timewait: timewait stage timer
                     persist: zero window probe timer
                     unknown: none of the above timers

              <expire_time>
                     how long time the timer will expire

              <retrans>
                     how many times the retran occurs

With a little shell loop I can show how that timer is decrementing:

[root@server2 ~]# for i in $(seq 1 5); do ss -nop | grep 13656; sleep 1 ; done
tcp  ESTAB 0      0                               [::ffff:192.168.100.22]:1521                           [::ffff:192.168.100.21]:25780                           users:(("oracle_13656_si",pid=13656,fd=18)) timer:(keepalive,20sec,0)          
tcp  ESTAB 0      0                               [::ffff:192.168.100.22]:1521                           [::ffff:192.168.100.21]:25780                           users:(("oracle_13656_si",pid=13656,fd=18)) timer:(keepalive,19sec,0)          
tcp  ESTAB 0      0                               [::ffff:192.168.100.22]:1521                           [::ffff:192.168.100.21]:25780                           users:(("oracle_13656_si",pid=13656,fd=18)) timer:(keepalive,18sec,0)          
tcp  ESTAB 0      0                               [::ffff:192.168.100.22]:1521                           [::ffff:192.168.100.21]:25780                           users:(("oracle_13656_si",pid=13656,fd=18)) timer:(keepalive,17sec,0)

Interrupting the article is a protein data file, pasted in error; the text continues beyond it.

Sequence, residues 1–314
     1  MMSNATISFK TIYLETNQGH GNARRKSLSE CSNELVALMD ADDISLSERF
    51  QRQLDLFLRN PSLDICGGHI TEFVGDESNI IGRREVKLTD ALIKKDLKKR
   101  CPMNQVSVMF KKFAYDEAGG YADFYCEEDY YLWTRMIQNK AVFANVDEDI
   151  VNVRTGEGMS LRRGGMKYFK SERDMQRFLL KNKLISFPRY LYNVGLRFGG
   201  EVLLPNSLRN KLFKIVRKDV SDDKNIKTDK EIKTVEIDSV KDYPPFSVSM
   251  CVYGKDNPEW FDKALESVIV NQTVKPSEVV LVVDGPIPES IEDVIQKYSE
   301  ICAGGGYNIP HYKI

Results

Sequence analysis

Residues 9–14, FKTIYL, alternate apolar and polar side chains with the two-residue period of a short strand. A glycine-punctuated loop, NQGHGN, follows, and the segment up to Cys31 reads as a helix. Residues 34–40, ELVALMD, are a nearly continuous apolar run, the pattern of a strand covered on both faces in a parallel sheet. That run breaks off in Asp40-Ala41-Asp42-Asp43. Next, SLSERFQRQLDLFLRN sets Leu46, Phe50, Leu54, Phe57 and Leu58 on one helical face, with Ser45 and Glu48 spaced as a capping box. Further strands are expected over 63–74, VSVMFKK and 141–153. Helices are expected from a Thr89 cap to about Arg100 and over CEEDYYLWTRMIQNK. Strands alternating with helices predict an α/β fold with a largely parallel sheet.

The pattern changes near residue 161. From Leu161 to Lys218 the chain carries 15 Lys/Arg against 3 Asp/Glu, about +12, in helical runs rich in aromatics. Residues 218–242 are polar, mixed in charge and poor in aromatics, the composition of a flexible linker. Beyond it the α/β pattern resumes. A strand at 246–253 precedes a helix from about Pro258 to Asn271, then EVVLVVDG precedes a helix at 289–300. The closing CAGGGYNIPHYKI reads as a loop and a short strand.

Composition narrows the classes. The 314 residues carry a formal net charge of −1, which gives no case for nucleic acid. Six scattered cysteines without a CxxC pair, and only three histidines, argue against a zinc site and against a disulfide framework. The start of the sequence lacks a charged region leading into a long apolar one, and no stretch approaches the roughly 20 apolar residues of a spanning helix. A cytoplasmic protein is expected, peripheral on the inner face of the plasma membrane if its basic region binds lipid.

tcp  ESTAB 0      0                               [::ffff:192.168.100.22]:1521                           [::ffff:192.168.100.21]:25780                           users:(("oracle_13656_si",pid=13656,fd=18)) timer:(keepalive,16sec,0)          
[root@server2 ~]# 

Summary

Using the ss utility it is possible to check if a keepalive timer is implemented as a means to support DCD with 12.1 and later releases. Invoking ss(8) hasn’t caused any problems on my system, but as with every such tool you need to ensure it’s safe to use before attempting to look at an important system.

sqlldr, direct path loads and concurrency in 12.1 and earlier

I have recently come across an interesting issue related to concurrent data loading into the Oracle database using sqlldr’s direct path mode. Although I investigated the situation on 12.1.0.2, I found that the same holds true in 19.4 as well when using the defaults. I reconstructed the case, although it is simplified a little to bring the point home.

The environment I used to put this post together is Oracle Restart 19.4.0 on Oracle Linux 7.6.

Test overview

For this test I am running concurrent sqlldr sessions to demonstrate the case. I am conscious of that fact that I could have used external tables, but then I wouldn’t have been able to write this post :)